Then why would a company purposely seek to destroy one of America’s best brands?
A good brand can predispose a prospect to check you out first, make a referral easier for a referral source, and ease the way for purchase at a higher cost or fee. A great brand creates a specific feeling in the buyer or referral source, removes fear of buying, makes people willing to pay more than they otherwise would, and creates an aura of trust. Great brands are promoted and earned over a very long period of time.
How much is the Lexus brand worth? Deloitte? KPMG?
Then why would anyone trash a 110 year-old brand with a national reputation for quality and care in an industry that lives on trust and opportunity?
I am often convinced that many good ideas in business get replaced by bad ones because of “NIH,” (Not Invented Here). A campaign is going great and the Director of Marketing or Vice President of Sales or CEO leaves for a better job. The moron replacement trashes what is working great because they didn’t come up with the idea.
How else would you explain one of the greatest branding and advertising campaigns in the history of business being thrown away and replaced by losers for over 30 years?
Here’s a test for people over 35; complete the following sentence: “You deserve a break today, so get up and get away to … “
If you dissect this message, you will see power in every phrase. And then that feeling of empowerment, relief and happiness is associated with a fast food joint, so that the fact you definitely deserve a break (every moment of every day) will lead you to McDonalds! Which is open all day! It’s no surprise that McDonalds was by far the ultimate franchise operator in the world in 1978 (when that fab campaign was trashed) and struggled for over 25 years until it finally successfully reinvented itself. How many hundreds of millions of dollars in pure profit and percentage points in market share did trashing that campaign and harming their brand cost them?
Even GM admits they made a huge mistake in destroying their 100 year old brand, Oldsmobile. Of course, by the time the accountants who run GM got done trashing it by making it completely generic and indecipherable to their other cars, it wasn’t worth jack anyway. I remember when an Olds meant power, cutting edge, 442, Hurst transmissions, sexy styling and quality of construction.
Which brings us to today’s tragedy: the annihilation of the brand, AG Edwards.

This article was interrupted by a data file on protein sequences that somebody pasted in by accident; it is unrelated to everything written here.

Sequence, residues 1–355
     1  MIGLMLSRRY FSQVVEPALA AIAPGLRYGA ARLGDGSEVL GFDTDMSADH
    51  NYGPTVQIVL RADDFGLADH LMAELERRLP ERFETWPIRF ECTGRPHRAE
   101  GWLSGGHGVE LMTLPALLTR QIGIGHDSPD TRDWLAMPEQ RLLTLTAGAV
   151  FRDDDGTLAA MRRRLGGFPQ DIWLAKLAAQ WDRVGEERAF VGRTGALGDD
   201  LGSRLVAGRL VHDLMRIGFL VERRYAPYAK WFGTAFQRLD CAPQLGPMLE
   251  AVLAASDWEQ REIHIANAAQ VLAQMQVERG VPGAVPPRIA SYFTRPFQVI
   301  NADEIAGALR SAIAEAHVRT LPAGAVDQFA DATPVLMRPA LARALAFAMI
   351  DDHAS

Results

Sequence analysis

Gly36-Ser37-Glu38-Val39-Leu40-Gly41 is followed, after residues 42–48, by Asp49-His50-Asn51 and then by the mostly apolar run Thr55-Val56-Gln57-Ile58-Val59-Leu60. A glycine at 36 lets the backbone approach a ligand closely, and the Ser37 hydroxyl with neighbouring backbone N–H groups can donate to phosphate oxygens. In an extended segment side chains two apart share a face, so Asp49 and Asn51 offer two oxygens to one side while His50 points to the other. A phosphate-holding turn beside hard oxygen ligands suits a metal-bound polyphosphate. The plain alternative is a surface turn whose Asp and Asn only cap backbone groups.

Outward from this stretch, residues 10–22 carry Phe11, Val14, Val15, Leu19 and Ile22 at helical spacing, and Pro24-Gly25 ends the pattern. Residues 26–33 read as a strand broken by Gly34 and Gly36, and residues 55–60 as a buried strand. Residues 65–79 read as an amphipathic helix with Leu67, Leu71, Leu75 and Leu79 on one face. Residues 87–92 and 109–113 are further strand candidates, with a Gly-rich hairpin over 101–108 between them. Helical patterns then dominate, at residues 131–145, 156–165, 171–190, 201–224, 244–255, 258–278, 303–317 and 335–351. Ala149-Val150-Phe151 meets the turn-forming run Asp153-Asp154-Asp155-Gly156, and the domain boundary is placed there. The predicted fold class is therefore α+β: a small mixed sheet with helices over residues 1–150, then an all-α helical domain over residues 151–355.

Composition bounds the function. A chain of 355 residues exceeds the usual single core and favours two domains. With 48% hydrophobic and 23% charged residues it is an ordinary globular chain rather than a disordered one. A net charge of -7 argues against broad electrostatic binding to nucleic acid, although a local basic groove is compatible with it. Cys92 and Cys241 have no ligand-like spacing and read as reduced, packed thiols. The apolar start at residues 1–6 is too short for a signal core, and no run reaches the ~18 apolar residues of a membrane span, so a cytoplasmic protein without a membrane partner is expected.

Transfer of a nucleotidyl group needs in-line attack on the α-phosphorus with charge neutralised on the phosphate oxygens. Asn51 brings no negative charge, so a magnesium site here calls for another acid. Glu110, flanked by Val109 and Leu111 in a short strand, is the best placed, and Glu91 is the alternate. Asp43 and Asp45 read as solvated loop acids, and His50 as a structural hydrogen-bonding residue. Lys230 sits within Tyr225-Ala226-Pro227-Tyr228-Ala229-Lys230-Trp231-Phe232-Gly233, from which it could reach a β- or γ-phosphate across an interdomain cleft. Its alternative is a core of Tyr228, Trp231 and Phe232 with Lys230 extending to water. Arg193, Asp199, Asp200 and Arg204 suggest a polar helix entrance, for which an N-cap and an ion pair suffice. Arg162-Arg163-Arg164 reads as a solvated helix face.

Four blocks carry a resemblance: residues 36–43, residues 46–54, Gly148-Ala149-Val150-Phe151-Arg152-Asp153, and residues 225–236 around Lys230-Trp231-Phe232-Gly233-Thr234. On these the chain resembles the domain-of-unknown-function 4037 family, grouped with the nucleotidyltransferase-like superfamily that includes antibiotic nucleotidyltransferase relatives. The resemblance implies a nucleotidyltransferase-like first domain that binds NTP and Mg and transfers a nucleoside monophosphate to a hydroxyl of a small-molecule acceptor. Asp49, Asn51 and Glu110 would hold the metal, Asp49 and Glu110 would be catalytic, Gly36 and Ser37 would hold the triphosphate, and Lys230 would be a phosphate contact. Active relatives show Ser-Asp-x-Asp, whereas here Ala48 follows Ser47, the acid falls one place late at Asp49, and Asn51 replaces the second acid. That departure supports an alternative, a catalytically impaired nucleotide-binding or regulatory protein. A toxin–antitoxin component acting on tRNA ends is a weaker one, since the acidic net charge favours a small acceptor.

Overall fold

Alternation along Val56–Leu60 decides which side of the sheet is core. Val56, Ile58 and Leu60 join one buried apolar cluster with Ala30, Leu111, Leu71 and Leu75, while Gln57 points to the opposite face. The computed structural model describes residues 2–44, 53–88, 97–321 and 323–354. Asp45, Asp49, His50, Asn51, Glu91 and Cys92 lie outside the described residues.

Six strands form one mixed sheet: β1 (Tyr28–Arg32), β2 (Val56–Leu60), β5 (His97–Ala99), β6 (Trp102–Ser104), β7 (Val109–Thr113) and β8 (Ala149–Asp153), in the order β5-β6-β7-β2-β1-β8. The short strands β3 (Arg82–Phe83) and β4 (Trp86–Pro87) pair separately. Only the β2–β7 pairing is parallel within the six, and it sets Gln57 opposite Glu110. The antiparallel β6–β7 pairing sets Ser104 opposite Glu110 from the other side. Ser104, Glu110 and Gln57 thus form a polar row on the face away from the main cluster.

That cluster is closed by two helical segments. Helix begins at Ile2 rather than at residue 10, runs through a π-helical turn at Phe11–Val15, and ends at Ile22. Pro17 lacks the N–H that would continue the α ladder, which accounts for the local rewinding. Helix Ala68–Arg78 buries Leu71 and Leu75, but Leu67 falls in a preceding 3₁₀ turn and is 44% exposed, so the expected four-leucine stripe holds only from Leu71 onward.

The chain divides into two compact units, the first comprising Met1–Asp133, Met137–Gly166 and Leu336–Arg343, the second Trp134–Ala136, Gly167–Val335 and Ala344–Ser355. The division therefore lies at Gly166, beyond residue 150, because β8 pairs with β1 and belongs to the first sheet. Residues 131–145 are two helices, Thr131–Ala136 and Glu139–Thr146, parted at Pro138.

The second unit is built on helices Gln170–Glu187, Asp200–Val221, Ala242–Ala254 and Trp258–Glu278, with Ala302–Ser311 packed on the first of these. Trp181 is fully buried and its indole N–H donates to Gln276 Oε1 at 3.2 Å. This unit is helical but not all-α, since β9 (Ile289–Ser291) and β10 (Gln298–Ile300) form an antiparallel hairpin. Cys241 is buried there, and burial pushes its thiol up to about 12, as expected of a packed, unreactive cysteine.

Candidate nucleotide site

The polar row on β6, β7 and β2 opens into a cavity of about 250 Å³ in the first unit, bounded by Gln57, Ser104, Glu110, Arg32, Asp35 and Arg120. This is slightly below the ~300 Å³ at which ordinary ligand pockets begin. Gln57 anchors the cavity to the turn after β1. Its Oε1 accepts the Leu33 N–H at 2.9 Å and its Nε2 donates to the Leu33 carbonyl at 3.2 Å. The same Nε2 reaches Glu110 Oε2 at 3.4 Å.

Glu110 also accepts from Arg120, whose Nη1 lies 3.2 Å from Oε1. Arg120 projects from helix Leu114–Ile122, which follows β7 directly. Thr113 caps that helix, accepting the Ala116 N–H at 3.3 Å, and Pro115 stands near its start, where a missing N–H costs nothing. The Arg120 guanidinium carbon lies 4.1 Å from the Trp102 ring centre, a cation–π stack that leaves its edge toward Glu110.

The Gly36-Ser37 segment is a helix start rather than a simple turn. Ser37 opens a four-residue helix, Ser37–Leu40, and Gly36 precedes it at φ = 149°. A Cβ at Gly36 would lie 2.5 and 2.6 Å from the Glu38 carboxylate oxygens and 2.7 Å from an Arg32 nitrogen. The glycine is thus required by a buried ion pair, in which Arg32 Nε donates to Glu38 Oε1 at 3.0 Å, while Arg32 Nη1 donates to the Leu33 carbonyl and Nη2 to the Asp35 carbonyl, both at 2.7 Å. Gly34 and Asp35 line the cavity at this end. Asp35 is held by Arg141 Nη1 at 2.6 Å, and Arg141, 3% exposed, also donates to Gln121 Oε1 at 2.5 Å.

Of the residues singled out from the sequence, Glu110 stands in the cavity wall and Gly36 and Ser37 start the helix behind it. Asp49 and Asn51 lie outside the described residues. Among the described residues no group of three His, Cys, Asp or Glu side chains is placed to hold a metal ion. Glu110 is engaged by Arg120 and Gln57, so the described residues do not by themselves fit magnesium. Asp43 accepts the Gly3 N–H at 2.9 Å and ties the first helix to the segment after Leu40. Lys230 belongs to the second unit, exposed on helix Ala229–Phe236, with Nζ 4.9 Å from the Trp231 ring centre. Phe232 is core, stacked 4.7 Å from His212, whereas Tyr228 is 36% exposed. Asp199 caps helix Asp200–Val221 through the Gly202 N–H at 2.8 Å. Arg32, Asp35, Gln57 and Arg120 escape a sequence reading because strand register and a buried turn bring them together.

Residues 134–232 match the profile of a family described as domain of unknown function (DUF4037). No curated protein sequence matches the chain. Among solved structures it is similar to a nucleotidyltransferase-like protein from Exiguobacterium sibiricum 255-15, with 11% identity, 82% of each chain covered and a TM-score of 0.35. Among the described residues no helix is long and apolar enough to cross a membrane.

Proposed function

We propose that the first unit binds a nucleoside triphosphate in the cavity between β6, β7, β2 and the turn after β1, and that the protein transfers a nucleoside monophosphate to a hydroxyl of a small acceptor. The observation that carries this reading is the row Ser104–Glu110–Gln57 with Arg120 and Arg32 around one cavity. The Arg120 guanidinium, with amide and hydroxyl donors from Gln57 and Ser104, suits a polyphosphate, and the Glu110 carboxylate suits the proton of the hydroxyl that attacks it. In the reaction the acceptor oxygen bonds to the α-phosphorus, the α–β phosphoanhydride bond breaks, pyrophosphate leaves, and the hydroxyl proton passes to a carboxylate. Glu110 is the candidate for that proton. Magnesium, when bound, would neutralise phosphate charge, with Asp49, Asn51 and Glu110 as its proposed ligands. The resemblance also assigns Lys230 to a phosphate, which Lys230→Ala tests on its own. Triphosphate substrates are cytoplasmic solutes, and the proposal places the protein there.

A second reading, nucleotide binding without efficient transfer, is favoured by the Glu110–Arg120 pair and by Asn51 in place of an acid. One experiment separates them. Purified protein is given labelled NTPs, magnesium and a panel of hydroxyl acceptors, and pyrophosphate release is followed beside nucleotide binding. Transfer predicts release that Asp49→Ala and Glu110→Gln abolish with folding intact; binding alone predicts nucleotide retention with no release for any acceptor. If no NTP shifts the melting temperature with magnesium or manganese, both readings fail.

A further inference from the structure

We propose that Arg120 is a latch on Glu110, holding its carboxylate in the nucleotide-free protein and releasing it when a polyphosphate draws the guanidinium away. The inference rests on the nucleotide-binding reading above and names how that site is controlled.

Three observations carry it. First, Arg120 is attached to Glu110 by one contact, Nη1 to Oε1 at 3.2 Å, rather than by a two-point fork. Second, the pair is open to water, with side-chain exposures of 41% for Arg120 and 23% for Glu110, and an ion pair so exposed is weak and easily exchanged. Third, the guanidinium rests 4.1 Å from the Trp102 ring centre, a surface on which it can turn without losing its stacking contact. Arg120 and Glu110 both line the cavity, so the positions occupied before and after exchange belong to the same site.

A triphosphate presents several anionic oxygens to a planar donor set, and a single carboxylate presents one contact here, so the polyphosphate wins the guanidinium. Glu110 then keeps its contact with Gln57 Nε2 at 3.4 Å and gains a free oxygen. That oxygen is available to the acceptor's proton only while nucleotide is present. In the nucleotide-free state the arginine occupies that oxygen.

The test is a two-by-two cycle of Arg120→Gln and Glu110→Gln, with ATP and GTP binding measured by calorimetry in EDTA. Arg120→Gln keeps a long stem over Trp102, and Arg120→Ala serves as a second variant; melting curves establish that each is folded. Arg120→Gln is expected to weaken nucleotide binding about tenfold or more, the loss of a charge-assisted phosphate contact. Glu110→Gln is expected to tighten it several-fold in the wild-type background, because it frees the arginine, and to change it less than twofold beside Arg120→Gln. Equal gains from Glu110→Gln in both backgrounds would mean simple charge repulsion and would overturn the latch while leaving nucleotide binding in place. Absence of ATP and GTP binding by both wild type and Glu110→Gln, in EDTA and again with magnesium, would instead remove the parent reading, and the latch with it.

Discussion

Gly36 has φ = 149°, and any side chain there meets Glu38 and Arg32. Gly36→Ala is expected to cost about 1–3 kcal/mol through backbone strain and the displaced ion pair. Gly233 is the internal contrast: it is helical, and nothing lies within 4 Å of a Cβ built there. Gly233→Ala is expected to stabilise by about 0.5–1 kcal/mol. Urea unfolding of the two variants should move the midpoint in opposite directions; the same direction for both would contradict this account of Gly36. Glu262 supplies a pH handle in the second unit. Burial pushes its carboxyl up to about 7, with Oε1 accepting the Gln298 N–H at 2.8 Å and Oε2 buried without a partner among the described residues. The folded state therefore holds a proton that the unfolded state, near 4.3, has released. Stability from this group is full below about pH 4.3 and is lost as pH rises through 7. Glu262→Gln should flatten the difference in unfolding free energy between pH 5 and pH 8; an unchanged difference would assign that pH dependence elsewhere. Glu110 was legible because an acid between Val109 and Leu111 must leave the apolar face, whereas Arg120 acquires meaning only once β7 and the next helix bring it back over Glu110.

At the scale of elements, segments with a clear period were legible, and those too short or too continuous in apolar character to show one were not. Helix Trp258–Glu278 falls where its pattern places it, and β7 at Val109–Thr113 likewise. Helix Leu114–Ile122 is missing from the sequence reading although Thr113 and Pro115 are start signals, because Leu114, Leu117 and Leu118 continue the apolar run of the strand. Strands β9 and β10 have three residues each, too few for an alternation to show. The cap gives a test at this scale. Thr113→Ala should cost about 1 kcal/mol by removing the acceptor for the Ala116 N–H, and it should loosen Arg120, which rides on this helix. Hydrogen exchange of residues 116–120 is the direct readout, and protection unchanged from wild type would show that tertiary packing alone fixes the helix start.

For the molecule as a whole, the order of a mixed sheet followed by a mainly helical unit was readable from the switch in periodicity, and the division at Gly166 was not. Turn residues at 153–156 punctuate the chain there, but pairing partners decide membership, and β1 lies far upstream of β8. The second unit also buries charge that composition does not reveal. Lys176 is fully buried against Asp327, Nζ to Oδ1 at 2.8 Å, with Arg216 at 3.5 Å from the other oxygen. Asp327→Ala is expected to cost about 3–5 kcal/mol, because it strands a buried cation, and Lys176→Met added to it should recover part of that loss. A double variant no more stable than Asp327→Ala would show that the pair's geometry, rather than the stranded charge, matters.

Maybe you aren’t familiar with AG Edwards. I wasn’t when I lived in Chicago or Fort Lauderdale. Those are big cities, and perhaps AG Edwards was overpowered by such outfits like Merrill, Shearson, et. al. who advertised in mass. Or, they simply concentrated on smaller demographics, like St. Louis and small town America. Here in Lake County, Florida, the investment market is dominated by AG Edwards and Edward Jones, both of which concentrate on personalized service, feature long-term employees and actually care about their clients. Here and around the US, people trust AG Edwards for their advice, guidance and hand-holding. There was a wonderful article applauding these very facts in Investors Business Daily about 6 months ago.
Many clients that we get from AG Edwards are from other towns that immediately change over to their local office as they are assured of the same quality service they received back in Dekalb or wherever. That’s brand loyalty!
AG Edwards had been around 110 years when Wachovia made a play for them. When they dangled enough money in the face of the major shareholders and the board, AGE gave up and sold out. New name of the firm? Wachovia. Mr. Edwards is rolling over in his grave.
This makes great business sense, when you think about it doesn’t it? Let’s trade a well-respected name for the most generic of all financial service related companies, one that has even had recent bad p.r. WHAT MORONS THOUGHT THIS UP? Congratulations, you have managed to destroy tens of millions of dollars of goodwill. You deserve what you will get.
Don’t let this happen to your firm when they admit some new partner who wants his or her name on the door, or is merged with a less valued firm. Stand by your brand.
By Allan S. Boress, CPA, co-author of Mastering the Art of Marketing Professional Services, published by the AICPA and available on their website.